Addressing systemic barriers across campus

The university is intentionally thinking differently about planning process and design strategies to engage true and meaningful action on equity, diversity, inclusion and anti-racism throughout the campus community.

“This will be challenging and humbling work for UVic and for us all,” says Cassbreea Dewis, executive director of Equity and Human Rights (EQHR). “The aim is to create an overarching Equity Action Plan, which will set out universal goals to advance and embed equity, diversity, inclusion and anti-racism across the university and deepen our institutional commitment to finding and addressing systemic barriers to equity, diversity and inclusion.” 

The process to develop the campus equity action plan began this past spring, with a call for members of a new Reflection and Challenge Committee (RCC), and an ambitious one-year timeline. The goal is to launch the plan in spring 2022 and mobilize ongoing implementation across campus. 

The RCC committee is tasked with: 

  • listening to diverse voices on campus; 
  • framing challenges and opportunities to address barriers and to achieving equity and justice; 
  • identifying solutions and actions to move UVic toward a desired future that has truly embedded equity, inclusion and justice for all. 
The RCC “is dreaming big,” says Tash Goudar (she/her), Equity Action Plan lead. “The Equity Action Plan will be the lens through which the whole university can (re)imagine their work and presence on campus.”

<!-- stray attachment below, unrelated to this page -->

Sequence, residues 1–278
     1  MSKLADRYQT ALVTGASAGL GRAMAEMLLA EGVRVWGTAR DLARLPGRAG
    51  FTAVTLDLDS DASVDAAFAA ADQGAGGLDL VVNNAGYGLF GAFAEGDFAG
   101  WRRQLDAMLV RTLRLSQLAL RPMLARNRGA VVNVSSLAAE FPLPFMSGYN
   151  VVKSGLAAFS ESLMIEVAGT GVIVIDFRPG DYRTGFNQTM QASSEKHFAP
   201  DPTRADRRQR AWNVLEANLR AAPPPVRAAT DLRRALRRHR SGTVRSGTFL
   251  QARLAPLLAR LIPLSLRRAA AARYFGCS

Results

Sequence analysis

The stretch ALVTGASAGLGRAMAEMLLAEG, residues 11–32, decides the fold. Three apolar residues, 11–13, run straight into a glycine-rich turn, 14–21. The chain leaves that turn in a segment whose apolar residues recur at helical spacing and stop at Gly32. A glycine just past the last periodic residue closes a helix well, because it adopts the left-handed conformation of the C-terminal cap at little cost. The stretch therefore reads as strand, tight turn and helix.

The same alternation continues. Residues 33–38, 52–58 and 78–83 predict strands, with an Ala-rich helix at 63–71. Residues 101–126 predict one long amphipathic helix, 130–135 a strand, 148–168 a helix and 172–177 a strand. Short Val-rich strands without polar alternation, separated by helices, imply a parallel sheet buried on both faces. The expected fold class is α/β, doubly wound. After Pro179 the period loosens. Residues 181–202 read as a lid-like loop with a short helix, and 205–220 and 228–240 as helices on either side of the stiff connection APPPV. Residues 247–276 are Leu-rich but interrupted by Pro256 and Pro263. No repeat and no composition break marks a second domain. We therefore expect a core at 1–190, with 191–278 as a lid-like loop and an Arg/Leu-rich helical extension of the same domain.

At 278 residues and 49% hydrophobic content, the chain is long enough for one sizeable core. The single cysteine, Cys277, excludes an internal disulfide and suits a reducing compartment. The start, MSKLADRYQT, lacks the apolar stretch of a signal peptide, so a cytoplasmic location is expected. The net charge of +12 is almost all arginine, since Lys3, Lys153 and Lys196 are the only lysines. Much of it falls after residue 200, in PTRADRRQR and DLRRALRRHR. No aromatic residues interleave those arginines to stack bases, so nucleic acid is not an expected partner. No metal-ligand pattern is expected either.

With 25 diverse members, the committee is working with leadership support from EQHR to develop the plan through an equity-centred design process. This innovative process acknowledges that systems of inequity are products of design—meaning those systems can be redesigned. 

By putting equity as the foremost priority through involvement of the people and communities most affected, the process itself becomes grounded in understanding the root causes of inequity, identifying systemic barriers to equity and building action-oriented solutions. 

“Equity-centred design allows us to break out of the traditional ways of developing a plan and makes sure the people most impacted are central in the planning and actions that result,” says Goudar.

Over the next few weeks, more information about the equity action planning process and opportunities for community engagement will be shared widely. 

“Concrete actions–not words or hopes–will build trust in the process and ultimately make it successful,” says one RCC member. “We need to hold ourselves, each other and the institution accountable as we build this plan together.” 

Learn more about the Equity Action Plan development.

In this story

Keywords: equity, inclusion, diversity, racism, administrative

People: Cassbreea Dewis

Publication: The Ring

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